I'm embarrassed to say, that it was as recent as only a few years ago, that I was struggling with my Southern identity. Thinking that my dad and my family should be proud of being Southerners. I still couldn't understand what the rebel flag actually stood for, I thought it represented my heritage. It wasn't until I re-read history, that I understood. It finally hit home. The people I'd been so proud to be a part of, were fighting for the right to keep slavery. It didn't matter whether or not, they actually owned slaves. They were fighting to continue this abomination. Still, I thought, I'm sure that most of those people from the South were forced to fight. They didn't have slaves, so why would they want to risk their lives fighting to keep slavery? This question was finally answered for me yesterday, as I researched for more information about slavery in America and the South.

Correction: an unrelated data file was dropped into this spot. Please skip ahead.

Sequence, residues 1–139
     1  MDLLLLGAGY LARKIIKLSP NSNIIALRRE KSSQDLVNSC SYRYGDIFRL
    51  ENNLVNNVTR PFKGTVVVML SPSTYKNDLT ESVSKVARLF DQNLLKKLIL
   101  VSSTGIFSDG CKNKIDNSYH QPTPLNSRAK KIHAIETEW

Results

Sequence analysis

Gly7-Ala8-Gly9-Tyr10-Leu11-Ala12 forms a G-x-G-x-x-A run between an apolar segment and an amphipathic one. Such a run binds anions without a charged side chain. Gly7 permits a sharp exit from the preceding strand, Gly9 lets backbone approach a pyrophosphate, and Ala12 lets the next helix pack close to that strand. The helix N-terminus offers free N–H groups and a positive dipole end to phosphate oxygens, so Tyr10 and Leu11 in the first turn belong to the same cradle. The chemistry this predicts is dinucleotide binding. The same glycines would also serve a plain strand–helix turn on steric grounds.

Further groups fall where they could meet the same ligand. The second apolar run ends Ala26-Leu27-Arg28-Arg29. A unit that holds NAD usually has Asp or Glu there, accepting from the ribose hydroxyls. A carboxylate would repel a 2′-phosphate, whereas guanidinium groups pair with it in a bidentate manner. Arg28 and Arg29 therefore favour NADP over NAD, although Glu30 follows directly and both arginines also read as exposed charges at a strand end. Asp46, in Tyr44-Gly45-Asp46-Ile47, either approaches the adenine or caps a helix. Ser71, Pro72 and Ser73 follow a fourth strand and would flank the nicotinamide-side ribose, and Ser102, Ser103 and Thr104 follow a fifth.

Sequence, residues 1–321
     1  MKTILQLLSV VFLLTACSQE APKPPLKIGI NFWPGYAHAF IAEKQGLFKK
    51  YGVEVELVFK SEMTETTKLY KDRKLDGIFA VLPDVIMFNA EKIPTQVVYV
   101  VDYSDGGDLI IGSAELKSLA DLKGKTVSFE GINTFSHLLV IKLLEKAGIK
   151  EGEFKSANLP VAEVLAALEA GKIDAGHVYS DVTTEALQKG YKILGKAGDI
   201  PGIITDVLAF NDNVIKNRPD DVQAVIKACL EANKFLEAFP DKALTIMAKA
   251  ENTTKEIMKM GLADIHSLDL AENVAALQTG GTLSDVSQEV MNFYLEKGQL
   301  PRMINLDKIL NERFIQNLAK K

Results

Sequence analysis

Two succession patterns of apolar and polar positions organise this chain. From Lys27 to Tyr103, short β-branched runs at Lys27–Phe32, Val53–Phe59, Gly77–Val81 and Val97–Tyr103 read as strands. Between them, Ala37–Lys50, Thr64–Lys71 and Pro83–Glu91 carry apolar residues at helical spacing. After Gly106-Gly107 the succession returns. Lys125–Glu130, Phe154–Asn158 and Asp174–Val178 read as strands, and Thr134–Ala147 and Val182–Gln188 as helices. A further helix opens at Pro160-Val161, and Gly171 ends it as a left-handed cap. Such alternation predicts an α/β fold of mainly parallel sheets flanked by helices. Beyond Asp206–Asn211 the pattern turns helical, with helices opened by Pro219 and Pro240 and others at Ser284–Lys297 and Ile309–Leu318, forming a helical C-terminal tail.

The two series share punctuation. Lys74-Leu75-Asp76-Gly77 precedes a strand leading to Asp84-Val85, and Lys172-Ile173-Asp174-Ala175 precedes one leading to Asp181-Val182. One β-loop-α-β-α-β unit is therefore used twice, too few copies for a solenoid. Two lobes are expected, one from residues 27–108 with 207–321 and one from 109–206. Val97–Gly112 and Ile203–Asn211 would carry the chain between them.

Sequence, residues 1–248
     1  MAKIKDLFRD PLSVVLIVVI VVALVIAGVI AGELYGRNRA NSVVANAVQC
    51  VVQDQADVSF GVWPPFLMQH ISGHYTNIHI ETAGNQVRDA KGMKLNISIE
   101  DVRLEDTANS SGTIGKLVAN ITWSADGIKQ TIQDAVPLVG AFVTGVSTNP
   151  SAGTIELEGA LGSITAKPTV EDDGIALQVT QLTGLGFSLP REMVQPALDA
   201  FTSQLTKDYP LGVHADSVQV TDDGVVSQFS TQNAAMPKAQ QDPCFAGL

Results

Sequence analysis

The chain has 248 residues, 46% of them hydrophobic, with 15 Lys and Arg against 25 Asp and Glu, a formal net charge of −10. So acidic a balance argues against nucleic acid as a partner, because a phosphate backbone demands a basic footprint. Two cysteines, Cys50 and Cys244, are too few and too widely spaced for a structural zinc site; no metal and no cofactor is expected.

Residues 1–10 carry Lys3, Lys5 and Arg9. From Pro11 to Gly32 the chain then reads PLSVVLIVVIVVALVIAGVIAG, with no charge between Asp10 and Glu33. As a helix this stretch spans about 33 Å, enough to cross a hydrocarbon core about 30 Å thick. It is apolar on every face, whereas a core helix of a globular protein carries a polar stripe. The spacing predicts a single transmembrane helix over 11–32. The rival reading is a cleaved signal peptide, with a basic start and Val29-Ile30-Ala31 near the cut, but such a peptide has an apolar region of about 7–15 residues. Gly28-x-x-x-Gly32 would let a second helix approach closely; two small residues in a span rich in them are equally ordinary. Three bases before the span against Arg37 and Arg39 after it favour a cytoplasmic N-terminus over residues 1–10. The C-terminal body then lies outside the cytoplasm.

The average man in the South went to war to keep slavery, because they were convinced that it was a good thing. How did this happen? How could these good, God fearing men, my ancestors, fight to keep people enslaved? This is what I found in my research. It was when the civil war began, that three protestant churches became divided. Half of each of these three churches went North, because they were against slavery and the other halves remained in the South. Preachers in the South used the bible to teach parishioners, that God wanted them to use slaves and that it was God's way. They would quote passages from the bible to support their preaching. They were taught that they were better Christians and better people in God's eyes, if they condoned slavery. They supported the idea, that it was a divine message to keep the black people as slaves. These churches worked to maintain their class system of white man over all, including women. Once again, religion used to control. In addition, others spread false information that instilled fear into the white communities. They were told that if they didn't support slavery, the slaves would rise up and kill all the white people. Slaves had to be kept down and controlled. If they were set free, it would be the end of their lives as they knew it. Consequently, when the Southern army was formed, the men were fighting because God wanted them to, and to protect their families from slaves. Religion and fear used to control the masses. This in no way excuses their fight for slavery but in their minds, they were killing for God and their States. It doesn't seem possible that good people could be manipulated into something so unconscionable. Whats-more, it unfortunately, is not a new concept. It's happened before in history, and it may be happening right now. People believing and following, because it's God's way, and because they have a leader whipping them up to rise up, against what is right and caring for one another. Just look around today and see how the similarities apply.